The Accounts out of the Country are full of the most shocking instances of the madness & desperation of the common people. They talk of revolting from Great Britain in the most familiar manner, & declare that tho’ the British Forces should possess themselves of the Coast & Maritime Towns, they never will subdue the inland. poor people who do not consider what miseries the inlanders must endure when deprived of a Communication with the Sea. This Spirit seems to be worse in New York & Connecticut than it is here; that is it is more ripe. I have heard of a Coll at pomfret in Connecticut who served in the late War (I dare not name his name), who has made it his business to go from Town to Town to see what number of Men may be depended upon: and he gives out, he can Command 10,000 men.11 In the district of New London they have appointed a certain Major to be their cheif & to correspond with other districts.12 At New York, as a Gentleman just arrived from thence, told me this day, The Sons of Liberty, who hold regular meetings are directed by much greater persons than Any which appear among them. From all which It may be expected that the Enforcing the Stamp Act will be attended with great Convulsions: and if it is not enforced The Springs of Government will remain so weakened that they will never be brought to their tone again without the interposition of parliament with ordinances well supported as well as conceived.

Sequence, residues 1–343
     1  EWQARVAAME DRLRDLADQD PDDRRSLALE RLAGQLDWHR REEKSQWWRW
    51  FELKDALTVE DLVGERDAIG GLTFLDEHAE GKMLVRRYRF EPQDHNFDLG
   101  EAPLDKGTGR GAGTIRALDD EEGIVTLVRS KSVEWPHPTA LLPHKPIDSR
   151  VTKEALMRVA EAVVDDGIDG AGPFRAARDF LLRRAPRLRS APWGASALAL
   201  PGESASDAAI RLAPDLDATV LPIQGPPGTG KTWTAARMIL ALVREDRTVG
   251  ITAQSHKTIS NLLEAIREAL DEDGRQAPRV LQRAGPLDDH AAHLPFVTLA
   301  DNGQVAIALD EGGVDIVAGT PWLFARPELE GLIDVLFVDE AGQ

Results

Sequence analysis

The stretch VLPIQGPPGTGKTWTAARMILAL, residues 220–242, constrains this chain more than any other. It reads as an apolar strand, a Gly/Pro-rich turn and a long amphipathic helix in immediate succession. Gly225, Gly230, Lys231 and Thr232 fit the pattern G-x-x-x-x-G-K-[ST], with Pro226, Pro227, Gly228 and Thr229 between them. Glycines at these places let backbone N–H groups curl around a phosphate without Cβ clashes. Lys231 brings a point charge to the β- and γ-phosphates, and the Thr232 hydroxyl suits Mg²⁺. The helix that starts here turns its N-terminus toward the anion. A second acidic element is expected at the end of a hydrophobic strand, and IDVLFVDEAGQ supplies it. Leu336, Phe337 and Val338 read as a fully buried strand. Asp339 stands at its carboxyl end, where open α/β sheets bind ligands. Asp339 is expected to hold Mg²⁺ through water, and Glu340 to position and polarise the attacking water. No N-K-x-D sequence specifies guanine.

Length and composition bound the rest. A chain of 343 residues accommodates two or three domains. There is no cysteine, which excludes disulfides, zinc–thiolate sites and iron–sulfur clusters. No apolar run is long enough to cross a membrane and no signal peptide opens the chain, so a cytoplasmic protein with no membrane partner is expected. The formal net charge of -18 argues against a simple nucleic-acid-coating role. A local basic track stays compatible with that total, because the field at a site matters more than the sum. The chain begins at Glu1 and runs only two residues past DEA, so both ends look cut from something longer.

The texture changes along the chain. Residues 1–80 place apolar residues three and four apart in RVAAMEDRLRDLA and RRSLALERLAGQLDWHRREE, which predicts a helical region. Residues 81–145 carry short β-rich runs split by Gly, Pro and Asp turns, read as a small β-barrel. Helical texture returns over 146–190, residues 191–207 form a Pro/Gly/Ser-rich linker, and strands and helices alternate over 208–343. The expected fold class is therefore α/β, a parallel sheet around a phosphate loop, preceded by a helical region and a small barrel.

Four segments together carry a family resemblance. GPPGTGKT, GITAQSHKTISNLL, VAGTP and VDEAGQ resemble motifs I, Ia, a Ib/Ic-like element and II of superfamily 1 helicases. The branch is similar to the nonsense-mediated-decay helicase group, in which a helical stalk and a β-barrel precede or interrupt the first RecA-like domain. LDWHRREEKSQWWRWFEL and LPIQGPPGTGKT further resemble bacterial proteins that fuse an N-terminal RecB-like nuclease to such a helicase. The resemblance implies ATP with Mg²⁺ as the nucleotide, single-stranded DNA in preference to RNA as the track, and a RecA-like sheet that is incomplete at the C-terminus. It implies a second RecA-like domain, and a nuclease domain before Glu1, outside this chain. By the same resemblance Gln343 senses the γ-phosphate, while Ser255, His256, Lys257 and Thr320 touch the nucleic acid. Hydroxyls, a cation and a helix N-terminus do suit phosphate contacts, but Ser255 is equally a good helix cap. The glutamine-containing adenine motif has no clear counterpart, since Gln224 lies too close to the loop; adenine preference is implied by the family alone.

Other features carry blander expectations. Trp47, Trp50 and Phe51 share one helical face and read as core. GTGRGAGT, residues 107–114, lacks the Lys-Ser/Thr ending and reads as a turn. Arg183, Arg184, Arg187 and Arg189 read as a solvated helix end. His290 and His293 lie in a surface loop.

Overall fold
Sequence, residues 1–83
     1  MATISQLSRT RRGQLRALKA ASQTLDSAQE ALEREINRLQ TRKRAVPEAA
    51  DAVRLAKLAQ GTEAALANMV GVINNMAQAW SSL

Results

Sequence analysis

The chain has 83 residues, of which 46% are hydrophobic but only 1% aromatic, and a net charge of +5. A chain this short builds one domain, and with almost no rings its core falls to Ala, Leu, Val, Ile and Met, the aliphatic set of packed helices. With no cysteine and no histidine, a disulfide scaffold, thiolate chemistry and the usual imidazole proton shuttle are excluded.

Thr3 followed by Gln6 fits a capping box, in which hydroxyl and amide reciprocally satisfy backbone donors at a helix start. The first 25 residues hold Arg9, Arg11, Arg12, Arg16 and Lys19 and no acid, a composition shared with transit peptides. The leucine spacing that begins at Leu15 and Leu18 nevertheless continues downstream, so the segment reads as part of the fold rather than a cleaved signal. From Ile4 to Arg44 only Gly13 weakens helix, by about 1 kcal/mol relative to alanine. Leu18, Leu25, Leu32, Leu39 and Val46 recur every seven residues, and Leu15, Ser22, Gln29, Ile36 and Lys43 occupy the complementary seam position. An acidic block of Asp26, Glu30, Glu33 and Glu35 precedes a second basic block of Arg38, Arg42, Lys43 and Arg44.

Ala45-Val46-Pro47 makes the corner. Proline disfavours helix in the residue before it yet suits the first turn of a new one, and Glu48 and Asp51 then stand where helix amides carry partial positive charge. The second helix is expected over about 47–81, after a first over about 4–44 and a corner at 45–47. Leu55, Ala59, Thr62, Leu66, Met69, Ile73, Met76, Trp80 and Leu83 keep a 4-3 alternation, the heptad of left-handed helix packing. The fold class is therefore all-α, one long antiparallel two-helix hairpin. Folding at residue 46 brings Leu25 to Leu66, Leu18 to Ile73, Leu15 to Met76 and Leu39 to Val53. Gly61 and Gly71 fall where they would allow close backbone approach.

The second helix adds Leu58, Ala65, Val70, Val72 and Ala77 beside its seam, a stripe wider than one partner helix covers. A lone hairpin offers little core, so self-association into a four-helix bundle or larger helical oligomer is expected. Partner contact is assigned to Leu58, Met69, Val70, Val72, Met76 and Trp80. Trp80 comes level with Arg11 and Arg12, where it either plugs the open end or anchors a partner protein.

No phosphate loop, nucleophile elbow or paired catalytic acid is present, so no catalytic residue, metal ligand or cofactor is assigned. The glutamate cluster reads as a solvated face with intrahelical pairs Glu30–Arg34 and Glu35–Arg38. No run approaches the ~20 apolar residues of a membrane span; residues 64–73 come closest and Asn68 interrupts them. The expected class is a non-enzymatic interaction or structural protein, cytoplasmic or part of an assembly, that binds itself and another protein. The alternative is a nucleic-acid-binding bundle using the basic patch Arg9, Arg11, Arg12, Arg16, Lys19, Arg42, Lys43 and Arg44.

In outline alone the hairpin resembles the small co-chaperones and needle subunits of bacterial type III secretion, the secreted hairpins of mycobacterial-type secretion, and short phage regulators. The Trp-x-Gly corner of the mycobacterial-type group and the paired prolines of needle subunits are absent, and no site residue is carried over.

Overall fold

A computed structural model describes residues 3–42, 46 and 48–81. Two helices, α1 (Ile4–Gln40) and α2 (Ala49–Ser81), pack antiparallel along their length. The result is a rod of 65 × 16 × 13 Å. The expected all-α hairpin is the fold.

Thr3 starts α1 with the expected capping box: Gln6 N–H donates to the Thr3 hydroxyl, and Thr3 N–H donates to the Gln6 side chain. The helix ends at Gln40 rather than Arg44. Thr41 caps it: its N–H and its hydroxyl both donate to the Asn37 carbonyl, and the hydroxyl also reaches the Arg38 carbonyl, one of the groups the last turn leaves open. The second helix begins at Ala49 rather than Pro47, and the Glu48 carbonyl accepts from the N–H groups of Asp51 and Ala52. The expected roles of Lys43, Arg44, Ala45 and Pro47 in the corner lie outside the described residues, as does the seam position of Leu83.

I have thought proper to be very explicit in these letters, as they will come to your honor at a critical time. Indeed this Subject so engrosses my whole thoughts, that when I begin upon it I know not when to stop. I often wish that I had an oppertunity to represent, in person, my Sentiments of the present disorders of America & the proper remedies for them & how to apply them. Whenever an Intermission of the present troubles shall allow of my absence for part of a year, I cannot, in my own Opinion, be better employed, than by being order’d home to make a report of the present state of this Country.

    I am, with great respect, Sr, Your honors most obedient & most humble Servant

    Fra. Bernard

    The Right Honble H. S. Conway Esqr

    ALS, RC      CO 5/755, ff 491-496.